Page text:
Monday, June 21, 2004

Train Ride in Ethiopia

MK stories

Chapter one

Considering taking the train to Dire Dawa? Do it!

Visiting Ethiopia, I can assure you that Addis Ababa is not the right place to be if you want to experience the feeling of being in Africa. A good friend of mine, Sveinung Kiplesund and I, decided to take a trip to see more of Ethiopia, the country we both grew up in. Little did we know what the next five days would be like. But that's the whole fun of taking trips like this. Wanting to experience the unknown...The trip turned out to be great. This was one of my founded trips I have ever had. I have never regreted this five-days trip till this day.Wanting to experience something unique of Africa? Take the train!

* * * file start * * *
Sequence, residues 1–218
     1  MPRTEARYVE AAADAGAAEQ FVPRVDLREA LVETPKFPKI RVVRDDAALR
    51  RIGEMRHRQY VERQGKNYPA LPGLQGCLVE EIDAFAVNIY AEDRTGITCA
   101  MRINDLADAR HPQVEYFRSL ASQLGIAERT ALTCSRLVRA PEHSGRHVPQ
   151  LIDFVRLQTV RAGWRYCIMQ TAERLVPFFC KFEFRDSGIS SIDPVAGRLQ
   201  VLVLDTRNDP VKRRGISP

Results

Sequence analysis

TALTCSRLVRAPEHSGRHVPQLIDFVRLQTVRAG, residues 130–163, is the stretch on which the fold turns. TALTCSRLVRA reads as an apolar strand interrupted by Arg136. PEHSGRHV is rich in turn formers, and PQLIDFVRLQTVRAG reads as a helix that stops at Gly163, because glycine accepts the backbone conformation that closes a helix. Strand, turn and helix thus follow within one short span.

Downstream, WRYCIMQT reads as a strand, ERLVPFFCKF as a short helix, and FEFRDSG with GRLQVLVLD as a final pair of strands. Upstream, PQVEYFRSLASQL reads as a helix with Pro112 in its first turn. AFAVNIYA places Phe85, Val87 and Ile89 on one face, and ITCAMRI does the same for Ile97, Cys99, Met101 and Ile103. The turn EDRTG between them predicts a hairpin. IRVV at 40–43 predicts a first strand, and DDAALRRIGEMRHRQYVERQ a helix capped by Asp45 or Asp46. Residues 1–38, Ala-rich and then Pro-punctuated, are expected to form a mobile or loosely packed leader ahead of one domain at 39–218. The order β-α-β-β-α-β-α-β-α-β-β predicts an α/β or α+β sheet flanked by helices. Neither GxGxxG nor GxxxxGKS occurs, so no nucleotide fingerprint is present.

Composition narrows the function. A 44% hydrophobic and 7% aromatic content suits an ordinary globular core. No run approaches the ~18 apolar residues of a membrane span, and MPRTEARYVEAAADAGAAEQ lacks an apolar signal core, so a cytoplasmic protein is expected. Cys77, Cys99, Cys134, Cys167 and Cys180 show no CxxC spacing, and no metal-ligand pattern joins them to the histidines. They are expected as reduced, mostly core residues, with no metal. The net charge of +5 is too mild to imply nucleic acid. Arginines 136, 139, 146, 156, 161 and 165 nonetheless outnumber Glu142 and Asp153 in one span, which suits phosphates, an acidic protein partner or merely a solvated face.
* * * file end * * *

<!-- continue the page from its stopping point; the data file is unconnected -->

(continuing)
The stereotypical picture of a train in Europe is far from what it is in Ethiopia. While the trains in Europe have high quality standards, are the trains in Ethiopia the direct opposite. These trains are of so bad quality that it needs a visit and a tryout. You relly get the feeling of being in Africa when you go with the train. The trains are overloaded with people, animals and luggage. Some times you wonder how they manage to squeeze everything onto the train. A wonderful sight.
The train I'm talking about has its main station in Addis Ababa, and goes north-east heading for Dire Dawa, a beautiful town located not far from Djibouti and the Arabian peninsula.